One of the most unusual (and therefore most sought after) Charlotte Rhead patterns depicts her interpretation of a scene from The Rubáiyát of Omar Khayyám. This collection of poems was produced by Edward Fitzgerald in the mid 19th Century and was his translation of some verses written by Omar Khayyám, a Persian poet, mathematician & astronomer (1048-1131). It proved very popular when first published in 1859 and influenced a number of significant figures of the time, including William Morris, Edward Burne-Jones and other artists, who contributed their bespoke illustrations to later editions. Whilst it is felt that some of the translations were not entirely accurate and true to the original text, as a collection it is clear why it captured the imagination of artists in the late 19th century, with its romantic & classical themes tying in with the pre-raphaelite and later movements. But how, you may ask, does 20th century pottery designer Charlotte Rhead come in to all this?!
The answer lies (as it often did with her work), in the influence of her father, Frederick Alfred Rhead. He was another of the 19th century artists to have been inspired by The Rubáiyát of Omar Khayyám, and painted his own scene from the book – ‘When the Angel with his Darker Draught Draws up to Thee’, from verse 48 (shown above left). Following this, he went on to produce a stunning vase for Minton carrying the same image in pâte-sur-pâte decoration. This vase (also shown above), as well as the original painting, sold recently as part of the Rhead-Cronin collection – with the vase going for £17,000 plus fees. Any holistic view of her patterns will show that Charlotte was not afraid to re-produce ideas or use inspiration from her family’s illustrations when designing ceramic artwork – from the early home-produced tube-lined tiles and right through her time at the various potteries that she worked for.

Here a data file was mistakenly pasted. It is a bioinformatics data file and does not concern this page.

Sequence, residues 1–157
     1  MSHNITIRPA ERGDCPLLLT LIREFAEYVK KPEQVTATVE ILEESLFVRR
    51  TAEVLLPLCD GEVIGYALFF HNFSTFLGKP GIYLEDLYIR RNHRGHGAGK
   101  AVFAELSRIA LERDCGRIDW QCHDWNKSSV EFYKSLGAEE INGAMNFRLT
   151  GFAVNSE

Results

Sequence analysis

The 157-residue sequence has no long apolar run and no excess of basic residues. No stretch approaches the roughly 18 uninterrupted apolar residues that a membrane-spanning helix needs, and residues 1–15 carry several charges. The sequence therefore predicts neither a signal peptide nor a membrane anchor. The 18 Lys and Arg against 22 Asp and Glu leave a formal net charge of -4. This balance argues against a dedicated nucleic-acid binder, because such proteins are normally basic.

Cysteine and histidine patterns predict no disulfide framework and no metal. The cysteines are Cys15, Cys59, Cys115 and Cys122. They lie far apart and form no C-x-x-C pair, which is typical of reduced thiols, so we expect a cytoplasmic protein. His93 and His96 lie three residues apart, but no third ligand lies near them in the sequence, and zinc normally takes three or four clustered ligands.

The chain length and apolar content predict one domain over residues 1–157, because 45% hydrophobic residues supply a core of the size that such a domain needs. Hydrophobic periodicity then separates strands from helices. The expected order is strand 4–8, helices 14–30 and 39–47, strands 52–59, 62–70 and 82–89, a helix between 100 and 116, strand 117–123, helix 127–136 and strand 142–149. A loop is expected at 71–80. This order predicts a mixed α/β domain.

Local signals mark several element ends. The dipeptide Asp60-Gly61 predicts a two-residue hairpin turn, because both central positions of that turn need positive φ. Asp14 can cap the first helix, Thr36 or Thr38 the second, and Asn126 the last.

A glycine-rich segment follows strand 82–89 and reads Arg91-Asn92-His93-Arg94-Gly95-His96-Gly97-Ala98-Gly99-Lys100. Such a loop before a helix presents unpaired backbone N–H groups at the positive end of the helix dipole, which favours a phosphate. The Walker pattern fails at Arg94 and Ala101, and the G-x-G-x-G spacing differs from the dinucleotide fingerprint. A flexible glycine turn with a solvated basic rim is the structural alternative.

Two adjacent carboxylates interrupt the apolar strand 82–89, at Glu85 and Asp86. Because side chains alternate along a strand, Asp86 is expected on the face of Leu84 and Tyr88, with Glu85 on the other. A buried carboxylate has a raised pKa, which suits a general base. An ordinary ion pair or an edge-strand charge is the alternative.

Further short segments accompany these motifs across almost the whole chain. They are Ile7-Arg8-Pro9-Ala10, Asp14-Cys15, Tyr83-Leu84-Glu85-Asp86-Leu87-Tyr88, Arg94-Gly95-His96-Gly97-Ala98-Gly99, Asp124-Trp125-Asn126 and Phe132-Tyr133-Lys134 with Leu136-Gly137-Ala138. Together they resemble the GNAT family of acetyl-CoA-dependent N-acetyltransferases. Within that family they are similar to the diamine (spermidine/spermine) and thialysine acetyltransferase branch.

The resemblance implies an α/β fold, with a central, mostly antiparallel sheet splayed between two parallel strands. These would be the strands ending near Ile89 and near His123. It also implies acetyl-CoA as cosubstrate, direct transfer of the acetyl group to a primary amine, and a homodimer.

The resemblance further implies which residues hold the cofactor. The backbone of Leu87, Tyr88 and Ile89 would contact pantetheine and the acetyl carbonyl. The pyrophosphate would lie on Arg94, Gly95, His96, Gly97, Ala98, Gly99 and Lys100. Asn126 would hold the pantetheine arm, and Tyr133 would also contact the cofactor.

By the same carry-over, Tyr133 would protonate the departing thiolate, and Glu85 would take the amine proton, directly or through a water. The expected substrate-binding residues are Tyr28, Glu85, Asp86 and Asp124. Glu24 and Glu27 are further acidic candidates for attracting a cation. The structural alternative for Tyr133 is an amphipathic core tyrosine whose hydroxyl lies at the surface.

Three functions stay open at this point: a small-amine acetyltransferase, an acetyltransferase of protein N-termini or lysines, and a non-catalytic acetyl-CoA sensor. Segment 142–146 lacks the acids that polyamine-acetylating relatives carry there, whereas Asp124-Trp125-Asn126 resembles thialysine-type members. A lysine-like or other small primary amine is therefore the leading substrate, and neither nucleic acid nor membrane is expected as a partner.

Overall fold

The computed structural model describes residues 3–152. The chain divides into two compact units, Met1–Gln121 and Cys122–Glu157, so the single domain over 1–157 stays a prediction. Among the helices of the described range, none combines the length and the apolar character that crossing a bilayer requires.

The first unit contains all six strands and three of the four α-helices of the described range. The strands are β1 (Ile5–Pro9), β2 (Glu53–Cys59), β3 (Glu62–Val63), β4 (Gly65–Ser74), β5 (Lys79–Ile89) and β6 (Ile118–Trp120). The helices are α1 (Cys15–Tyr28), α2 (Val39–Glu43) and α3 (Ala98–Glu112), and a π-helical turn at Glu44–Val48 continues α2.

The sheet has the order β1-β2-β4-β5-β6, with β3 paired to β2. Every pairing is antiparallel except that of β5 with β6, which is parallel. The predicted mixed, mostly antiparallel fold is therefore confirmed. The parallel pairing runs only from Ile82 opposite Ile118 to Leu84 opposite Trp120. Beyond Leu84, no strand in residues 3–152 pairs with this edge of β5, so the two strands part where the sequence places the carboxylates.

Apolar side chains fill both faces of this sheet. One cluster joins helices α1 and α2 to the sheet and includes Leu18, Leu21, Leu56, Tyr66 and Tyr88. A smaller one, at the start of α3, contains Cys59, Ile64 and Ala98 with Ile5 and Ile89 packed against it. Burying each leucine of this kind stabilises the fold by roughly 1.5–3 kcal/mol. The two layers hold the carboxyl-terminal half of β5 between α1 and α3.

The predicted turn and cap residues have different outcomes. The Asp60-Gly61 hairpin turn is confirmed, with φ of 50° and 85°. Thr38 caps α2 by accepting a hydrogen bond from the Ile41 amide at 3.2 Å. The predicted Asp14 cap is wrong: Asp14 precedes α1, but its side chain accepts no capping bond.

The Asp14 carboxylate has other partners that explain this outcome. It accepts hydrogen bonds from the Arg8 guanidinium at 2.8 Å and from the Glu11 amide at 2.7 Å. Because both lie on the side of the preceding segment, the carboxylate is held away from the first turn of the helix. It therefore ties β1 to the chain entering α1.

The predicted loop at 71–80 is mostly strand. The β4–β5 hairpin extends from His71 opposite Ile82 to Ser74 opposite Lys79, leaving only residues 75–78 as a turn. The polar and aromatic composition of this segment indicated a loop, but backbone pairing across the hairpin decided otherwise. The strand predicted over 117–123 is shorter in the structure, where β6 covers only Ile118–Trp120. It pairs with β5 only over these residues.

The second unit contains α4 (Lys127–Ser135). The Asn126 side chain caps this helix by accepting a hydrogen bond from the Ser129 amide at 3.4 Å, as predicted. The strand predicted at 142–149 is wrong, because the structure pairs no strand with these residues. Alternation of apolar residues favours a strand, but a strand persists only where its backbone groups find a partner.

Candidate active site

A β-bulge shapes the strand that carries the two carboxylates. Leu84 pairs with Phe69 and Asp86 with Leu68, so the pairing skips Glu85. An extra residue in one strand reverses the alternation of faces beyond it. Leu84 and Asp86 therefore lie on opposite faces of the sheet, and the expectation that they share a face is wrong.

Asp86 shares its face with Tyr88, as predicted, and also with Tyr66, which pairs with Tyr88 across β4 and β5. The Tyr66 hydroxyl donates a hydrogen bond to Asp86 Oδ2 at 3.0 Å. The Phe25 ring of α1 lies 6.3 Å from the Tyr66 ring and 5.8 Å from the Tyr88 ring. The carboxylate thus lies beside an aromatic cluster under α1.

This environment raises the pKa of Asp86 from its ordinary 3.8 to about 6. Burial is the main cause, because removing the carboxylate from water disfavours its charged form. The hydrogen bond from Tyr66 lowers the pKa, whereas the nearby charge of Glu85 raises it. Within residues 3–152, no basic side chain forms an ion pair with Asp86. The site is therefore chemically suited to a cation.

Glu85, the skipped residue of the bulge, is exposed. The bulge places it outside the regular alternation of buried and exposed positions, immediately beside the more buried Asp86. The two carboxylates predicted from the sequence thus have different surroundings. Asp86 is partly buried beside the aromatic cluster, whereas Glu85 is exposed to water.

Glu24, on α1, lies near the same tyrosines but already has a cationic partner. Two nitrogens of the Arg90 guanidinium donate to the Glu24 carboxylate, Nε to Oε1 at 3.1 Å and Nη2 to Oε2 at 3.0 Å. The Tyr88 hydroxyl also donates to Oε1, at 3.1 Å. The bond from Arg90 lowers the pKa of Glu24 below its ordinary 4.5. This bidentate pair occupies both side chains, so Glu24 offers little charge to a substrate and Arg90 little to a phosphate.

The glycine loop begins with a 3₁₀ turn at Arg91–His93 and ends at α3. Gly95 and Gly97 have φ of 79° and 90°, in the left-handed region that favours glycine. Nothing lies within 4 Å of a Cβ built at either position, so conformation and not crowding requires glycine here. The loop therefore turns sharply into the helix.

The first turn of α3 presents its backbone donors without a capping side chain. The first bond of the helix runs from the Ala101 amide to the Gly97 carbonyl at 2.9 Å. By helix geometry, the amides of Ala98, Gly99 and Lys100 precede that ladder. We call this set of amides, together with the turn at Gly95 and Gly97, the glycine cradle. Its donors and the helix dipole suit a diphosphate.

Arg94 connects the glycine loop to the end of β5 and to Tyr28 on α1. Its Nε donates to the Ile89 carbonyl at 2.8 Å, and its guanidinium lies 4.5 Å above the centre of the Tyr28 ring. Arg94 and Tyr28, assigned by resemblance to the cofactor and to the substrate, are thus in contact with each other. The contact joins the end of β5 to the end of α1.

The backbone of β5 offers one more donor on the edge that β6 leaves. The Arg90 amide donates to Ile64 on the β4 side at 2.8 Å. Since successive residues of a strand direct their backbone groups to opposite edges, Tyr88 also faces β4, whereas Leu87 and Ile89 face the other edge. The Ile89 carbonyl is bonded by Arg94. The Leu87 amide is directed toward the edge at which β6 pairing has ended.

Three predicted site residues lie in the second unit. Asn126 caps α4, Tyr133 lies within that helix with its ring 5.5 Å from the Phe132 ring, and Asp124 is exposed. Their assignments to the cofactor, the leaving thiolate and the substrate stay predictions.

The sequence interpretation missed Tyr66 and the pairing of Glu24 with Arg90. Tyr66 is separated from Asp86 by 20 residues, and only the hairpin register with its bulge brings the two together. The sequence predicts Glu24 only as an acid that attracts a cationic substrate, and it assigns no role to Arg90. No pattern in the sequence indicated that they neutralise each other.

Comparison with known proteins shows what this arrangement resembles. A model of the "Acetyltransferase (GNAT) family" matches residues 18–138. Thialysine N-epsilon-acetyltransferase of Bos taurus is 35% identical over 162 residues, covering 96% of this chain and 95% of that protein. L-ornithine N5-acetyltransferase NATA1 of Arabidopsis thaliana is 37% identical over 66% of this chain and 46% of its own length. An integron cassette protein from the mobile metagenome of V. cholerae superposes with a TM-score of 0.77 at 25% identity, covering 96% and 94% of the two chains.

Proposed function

Her Omar pattern (#4036) was produced whilst she was at AG Richardson (Crown Ducal) in the 1930s, and appeared on a variety of items. It was displayed at the British Industries Fair in 1935 and was something of a departure from the floral patterns that she was best known for at the time. The pattern features a seated male underneath a tree (as per the image at the top of the page), with tube-lined text reading ‘Here with a loaf of bread beneath the bough A flask of wine A book of verse and Thou’, taken from one of the more popular verses in the Rubáiyát. There isn’t really a comparable pattern of this style by Charlotte Rhead, certainly on commercially produced pottery, so it is intriguing as to why she produced it when she did. One possibility, and it is purely my own guess(!), is that it was some form of tribute to her father, who died in 1933 whilst Charlotte was at Richardsons. Regardless, it is an attractive pattern and one that if you see, you should buy!